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Reflections from the Global Water Operator Partnerships Congress ahead of World Water Day

Written by Josephine Tucker

As the water community prepares to celebrate World Water Day on 22 March, the Global Water Operator Partnerships’ Alliance (GWOPA) has gathered for its first Global Congress in Cape Town, South Africa.

This year the theme of World Water Day is ‘Water for Cities: Responding to the Urban Challenge’. Extending water supply to the world’s urban dwellers – whose numbers grow by 5 million every month – is a huge challenge. Water Operator Partnerships (WOPs), under which successful, experienced service providers mentor those in need of support, offer a new model to help transform service delivery and increase access. Here in Cape Town, water utilities from north and south have come together to discuss the potential of WOPs to improve public water services, particularly for the poor, and to share lessons on how to make WOPs more effective.

So what do WOPs have to offer?

Success stories such as that of the Phnom Penh Water Supply Authority (PPWSA) highlight the benefits of the peer-to-peer learning and tailor-made practical support that WOPs provide. PPWSA’s Director and keynote speaker at the Congress, Ek Sonn Chan, cited hands-on technical and management support received from French and Australian water operators as key elements that enabled PPWSA to transform performance and increase coverage from 20% in 1993 to over 90% today. Importantly, this vision was his from the start, but WOPs helped him achieve it. The PPWSA now offers support to service providers in smaller towns in Cambodia and Vietnam, multiplying the benefits of partnership.

So far there has been little published research on the impact of WOPs. A review of urban water partnerships led by ODI’s Water Policy Programme highlights the potential of this type of partnership in terms of service improvements and value for money, but calls for more concrete evidence of impact. The regional platforms and knowledge management tools developed under the GWOPA look set to enable more documentation and analysis. Certainly the feeling of water operators here is that WOPs work and can contribute to achieving the Millennium Development Goals. According to UN-HABITAT in its opening address to the Congress on Sunday, ‘WOPs are the kind of cost-effective, no-nonsense partnership we need’.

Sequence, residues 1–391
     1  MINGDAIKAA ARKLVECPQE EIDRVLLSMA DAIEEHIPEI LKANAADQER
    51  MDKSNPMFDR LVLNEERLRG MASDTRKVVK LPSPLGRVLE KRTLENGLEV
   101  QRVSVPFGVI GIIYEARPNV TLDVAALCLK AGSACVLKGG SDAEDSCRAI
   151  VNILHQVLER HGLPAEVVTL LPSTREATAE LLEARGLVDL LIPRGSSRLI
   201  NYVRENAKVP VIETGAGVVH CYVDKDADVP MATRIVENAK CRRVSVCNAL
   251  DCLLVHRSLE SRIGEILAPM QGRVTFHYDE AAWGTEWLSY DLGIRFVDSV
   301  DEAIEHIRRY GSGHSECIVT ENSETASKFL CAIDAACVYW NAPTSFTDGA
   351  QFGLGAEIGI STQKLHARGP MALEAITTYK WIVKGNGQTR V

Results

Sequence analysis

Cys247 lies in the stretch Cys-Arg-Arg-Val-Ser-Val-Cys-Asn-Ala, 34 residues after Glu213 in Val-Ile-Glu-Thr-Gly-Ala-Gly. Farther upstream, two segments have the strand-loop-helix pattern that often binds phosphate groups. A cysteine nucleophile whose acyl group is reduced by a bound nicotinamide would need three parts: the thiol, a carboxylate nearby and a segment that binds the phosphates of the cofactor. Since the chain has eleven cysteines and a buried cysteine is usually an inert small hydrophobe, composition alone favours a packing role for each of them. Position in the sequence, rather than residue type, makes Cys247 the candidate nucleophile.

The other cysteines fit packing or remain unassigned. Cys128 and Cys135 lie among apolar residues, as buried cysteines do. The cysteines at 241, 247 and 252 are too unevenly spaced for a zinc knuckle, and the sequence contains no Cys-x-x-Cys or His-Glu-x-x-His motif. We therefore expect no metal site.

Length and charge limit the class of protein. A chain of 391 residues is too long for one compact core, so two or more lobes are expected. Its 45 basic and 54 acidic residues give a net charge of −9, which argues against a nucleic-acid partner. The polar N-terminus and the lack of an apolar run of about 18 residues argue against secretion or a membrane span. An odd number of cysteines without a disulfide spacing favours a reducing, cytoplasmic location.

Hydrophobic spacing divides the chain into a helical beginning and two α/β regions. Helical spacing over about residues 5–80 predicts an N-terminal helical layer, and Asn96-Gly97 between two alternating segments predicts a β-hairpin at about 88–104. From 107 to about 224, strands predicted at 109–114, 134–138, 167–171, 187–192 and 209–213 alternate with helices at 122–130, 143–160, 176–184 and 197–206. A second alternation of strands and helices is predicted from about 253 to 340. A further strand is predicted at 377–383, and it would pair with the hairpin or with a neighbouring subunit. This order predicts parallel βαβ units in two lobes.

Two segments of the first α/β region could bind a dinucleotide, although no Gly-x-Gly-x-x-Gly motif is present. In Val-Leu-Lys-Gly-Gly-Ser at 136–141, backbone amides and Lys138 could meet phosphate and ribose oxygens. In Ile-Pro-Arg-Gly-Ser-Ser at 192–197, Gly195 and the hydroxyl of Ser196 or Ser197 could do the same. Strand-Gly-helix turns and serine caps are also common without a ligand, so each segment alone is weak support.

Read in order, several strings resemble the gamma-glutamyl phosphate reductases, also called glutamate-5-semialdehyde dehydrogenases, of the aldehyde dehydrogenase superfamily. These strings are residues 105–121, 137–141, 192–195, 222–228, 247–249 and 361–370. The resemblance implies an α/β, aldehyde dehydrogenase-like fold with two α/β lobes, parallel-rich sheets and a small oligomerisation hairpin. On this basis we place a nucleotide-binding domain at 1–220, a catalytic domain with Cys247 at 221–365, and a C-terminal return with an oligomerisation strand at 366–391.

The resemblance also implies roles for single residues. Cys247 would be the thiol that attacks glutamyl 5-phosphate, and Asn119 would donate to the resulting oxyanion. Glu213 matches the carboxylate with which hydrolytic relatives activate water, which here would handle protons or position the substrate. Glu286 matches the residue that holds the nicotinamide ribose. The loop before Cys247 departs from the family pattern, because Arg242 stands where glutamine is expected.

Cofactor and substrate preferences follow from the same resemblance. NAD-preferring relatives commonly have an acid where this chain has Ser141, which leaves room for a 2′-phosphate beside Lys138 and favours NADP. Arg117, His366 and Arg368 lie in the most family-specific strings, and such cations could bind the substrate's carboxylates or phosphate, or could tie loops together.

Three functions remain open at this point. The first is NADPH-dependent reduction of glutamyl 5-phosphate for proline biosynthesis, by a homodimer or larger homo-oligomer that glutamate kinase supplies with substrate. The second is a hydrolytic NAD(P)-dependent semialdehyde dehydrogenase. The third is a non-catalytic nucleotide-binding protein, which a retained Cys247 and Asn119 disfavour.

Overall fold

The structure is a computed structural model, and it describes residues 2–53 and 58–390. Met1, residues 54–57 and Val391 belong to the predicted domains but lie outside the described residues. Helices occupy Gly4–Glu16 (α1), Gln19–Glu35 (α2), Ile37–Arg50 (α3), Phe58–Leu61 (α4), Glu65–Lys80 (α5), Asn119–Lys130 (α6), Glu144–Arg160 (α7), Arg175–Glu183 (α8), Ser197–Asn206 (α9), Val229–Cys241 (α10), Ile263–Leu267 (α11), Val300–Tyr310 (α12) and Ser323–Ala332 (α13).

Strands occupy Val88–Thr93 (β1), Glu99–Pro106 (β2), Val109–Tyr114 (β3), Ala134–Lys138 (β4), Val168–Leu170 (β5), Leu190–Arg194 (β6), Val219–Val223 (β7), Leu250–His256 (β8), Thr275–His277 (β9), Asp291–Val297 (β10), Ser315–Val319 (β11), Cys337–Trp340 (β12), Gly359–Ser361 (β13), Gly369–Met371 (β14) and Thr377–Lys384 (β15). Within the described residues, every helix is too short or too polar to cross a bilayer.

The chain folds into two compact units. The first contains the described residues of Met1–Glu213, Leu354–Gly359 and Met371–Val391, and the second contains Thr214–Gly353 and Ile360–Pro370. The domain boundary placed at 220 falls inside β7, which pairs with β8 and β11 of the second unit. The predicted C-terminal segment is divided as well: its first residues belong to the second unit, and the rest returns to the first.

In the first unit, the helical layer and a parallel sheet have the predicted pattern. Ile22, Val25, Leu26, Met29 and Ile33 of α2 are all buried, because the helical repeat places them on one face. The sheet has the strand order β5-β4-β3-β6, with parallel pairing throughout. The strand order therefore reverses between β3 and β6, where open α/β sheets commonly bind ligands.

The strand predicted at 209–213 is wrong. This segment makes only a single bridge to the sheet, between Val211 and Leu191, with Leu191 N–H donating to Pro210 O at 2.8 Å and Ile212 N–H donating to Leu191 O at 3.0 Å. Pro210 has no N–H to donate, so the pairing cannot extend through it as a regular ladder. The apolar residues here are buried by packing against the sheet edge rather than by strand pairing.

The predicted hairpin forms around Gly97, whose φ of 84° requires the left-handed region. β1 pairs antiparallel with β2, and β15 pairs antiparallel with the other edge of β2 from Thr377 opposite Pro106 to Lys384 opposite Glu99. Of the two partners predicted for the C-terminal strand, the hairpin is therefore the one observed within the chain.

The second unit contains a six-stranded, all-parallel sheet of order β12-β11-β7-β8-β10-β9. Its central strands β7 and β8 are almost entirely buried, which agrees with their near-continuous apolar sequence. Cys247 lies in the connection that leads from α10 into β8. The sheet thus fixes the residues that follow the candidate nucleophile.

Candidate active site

A key lesson is that WOPs have most impact when they are demand-driven and flexible. Learning is a long-term process and the best solutions may not be obvious at the start of the partnership, so financing mechanisms are needed which can provide long-term, flexible engagement. It has been noted that these are currently all too rare.

Participants have emphasised that WOPs are not a ‘magic bullet’, however. If utilities lack strong and committed leadership, an effective WOP will be difficult to develop. And where service provision is affected by political interference, weak governance or inequitable development policies, water operators may have little room for manoeuvre even if they identify beneficial reforms through a WOP. It has been suggested that long-term WOPs could go beyond technical support to engage with higher levels of government and build coalitions in favour of reform, though this might require expertise beyond the usual scope of water providers. The extent to which WOPs can be effective in difficult contexts and the role they might be able to play in driving wider sector reform are critical areas for research which involve political economy questions.

Similarly, many utilities lack the financial resources to extend and rehabilitate water networks. Speakers here have referred to WOPs that failed because the recipient utilities could not afford to put in place any of the agreed reforms. However, WOPs may be able to help utilities leverage new sources of finance, if they can generate improvements which convince donors and investors that money put into the sector will be well spent.

Looking ahead, it will be important to follow the progress of WOPs as their potential becomes clearer. WOPs alone will not fill the gap in urban water and sanitation access, but combined with financing for infrastructure and wider sector reforms they could have a significant impact by reinvigorating public water management and ‘helping utilities to help themselves’. Here in Cape Town, debates continue on the definition of WOPs, how best to involve civil society and trade unions, and other questions. There is a clear need for GWOPA to document and communicate both partnership experiences and the impacts of WOPs on poor users more clearly to build their profile. But overall the spirit is one of optimism, and determination to ensure that WOPs prove themselves as a model for responding to the urban water challenge. WOPs could well be one to watch.